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Ancient Greek Theatre

by K. Phillips



Ancient Greek Theatre

Ancient Greek Actors

Ancient Greek Stage

Stage Directions for Ancient Greek Theatre

Works Cited in these Web Pages

Ancient Greek Actors


The First Use of Actors

The actors in ancient Greek theatre also have a symbolic significance in a Greek production. When Greek theatre began in a dithyrambous, there were no actors. The poet Thespis was the first to use actors; Aeschylos was the second, and Sophocles was the third. They originally called them hypocrit. The hypocrits were the leading characters. Those in the orchestra were the followers, most commonly know as the chorus. The hypocrits were always men. Female roles were played by males before they hit puberty and before their voices changed.

Ancinet Greek Costumes

The costumes in the ancient Greek theatre also have a symbolic significance in the way the production is understood. Since the hypocrits were all male, it was necessary to make them look female for female roles. "In order to have a female appearance, they were playing wearing the ‘prosterniad’ before the chest and the ‘progastrida’ before the belly. In order to look taller and more impressive they were wearing ‘cothornous’ (wooden shoes with tall heels)" (Actors). The shoes that they wore had no left and right, but were the same for both sides. They also wore long robes with vertical stripes. The female masks had bigger mouths and eyes.

Actors in costumes

Costumes did many things. They showed whether the actor was:

  • male
  • female
  • rich
  • poor
  • priest
  • or any other occupations

The costumes allowed the audience to know who the actor was trying to portray.

"The most essential part of their disguise was the mask. These masks were made ad hoc and they had big holes for the mouth and the eyes. The mask was absolutely necessary as it was necessary in the dionyssiac religion." (Actors). The chorus also wore masks, but they were very similar to the other chorus members masks, while the hypocrits’ masks were different from each other. These masks also had a symbolic significance. These masks were used for many reasons. "Because the number of actors varied from one to three, they had to put on different masks, in order to play more roles. The actors were all men. The mask was therefore necessary to let them play female roles." (Masks). Another reason for wearing the mask was that the mask amplified the hypocrit’s voice, making it possible to hear him everywhere in the theatre. Next, because the masks were pretty simple, the audience would be able to pay more attention to the hypocrit’s actions rather then his appearances.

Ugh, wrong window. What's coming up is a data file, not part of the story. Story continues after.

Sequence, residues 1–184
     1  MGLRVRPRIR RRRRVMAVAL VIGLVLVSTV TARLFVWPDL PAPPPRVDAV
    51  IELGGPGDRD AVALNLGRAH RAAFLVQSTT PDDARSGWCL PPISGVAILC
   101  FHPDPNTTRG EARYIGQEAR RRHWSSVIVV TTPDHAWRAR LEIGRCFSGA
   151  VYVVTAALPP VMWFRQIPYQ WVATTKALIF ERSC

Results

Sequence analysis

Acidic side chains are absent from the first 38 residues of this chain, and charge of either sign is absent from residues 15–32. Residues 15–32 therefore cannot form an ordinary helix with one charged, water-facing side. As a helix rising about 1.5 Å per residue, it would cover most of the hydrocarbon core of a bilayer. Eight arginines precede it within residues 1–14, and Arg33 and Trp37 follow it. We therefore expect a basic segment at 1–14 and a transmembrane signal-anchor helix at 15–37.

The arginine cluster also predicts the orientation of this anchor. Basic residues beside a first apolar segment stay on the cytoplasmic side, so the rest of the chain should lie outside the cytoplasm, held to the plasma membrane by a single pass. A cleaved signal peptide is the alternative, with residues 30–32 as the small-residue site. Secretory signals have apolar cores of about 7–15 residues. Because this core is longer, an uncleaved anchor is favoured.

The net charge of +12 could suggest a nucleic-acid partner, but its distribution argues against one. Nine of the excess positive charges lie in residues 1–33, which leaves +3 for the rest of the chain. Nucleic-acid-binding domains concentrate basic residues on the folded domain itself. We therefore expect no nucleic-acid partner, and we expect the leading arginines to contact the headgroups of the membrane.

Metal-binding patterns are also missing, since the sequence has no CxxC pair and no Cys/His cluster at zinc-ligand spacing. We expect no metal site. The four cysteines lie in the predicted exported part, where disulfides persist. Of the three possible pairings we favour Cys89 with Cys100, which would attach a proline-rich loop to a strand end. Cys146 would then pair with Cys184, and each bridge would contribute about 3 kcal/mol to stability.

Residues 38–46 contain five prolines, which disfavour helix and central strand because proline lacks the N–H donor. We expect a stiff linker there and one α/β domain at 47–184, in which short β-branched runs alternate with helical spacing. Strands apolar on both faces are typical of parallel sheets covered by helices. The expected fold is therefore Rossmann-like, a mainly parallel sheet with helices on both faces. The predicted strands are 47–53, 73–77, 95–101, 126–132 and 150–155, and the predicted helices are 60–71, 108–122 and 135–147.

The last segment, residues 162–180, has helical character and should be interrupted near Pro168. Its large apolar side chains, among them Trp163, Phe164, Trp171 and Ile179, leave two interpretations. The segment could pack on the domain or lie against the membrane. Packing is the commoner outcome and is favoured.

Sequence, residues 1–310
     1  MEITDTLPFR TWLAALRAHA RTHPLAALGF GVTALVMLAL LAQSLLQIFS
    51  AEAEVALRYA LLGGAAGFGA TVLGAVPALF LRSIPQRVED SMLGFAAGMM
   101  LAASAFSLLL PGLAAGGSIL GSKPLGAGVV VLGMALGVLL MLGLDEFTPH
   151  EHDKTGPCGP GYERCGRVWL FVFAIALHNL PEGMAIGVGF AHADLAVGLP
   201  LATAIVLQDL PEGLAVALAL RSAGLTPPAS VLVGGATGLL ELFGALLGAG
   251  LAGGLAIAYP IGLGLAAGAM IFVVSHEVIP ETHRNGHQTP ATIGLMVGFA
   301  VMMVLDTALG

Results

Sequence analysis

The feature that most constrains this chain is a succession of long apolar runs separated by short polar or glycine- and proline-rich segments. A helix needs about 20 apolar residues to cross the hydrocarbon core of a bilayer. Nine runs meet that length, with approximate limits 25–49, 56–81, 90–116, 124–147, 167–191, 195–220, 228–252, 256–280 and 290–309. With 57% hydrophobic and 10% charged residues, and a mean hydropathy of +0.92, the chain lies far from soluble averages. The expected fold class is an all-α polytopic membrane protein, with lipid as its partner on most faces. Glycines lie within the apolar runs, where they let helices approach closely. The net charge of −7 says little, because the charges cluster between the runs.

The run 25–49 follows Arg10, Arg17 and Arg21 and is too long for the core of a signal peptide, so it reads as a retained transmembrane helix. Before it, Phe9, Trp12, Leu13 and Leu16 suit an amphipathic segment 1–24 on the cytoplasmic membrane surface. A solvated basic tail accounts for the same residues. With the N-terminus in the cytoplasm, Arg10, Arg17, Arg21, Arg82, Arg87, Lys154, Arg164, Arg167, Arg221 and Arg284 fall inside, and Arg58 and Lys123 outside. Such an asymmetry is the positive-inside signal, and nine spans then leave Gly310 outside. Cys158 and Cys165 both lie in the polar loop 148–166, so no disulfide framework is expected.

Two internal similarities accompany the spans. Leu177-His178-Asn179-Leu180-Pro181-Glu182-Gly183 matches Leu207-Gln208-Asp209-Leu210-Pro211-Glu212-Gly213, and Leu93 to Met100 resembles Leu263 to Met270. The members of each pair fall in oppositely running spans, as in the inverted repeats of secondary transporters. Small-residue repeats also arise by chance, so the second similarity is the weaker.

Masks of the Actors

The masks worn do much of the same thing that the costumes do. However, the masks are personalized for each character. Special emotions were expressed on the mask, so the audience knew if a character was happy, upset, tired, or scared. Since the masks could be seen even in the last rows, the audience could tell how the character was feeling.

The Chorus

The chorus was one of the most important components of the play. It narrates and reflects on the action. Without them, the audience would have no background information, and the play would be more confusing. Originally the chorus had twelve members. Sophocles added three more to make it fifteen. The chorus entered from the two paradoi in three rows of five people. They formed little squares between them. The chorus was called by different names for each kind of play, reflecting a different emotion. In a tragedy, it was solemn and called "emmelia." In a comedy, it was funny and called "codrax." In a satyric drama, it was scoptic and called "sicinnis."

Chorus in costume and dancing

The chorus used the orchestra. They sang, or sometimes said, basic information. They were the narrators of the play. They also acted as crowds. They would dance in the orchestra to show what was going on in the scene. They were also like the extras in the play. If a large crowd was needed, they were the crowd.

History and Thought of Western Man
Rich East High School * Park Forest, IL 60466

This page was created by K. Phillips. Last revised 03/29/00.

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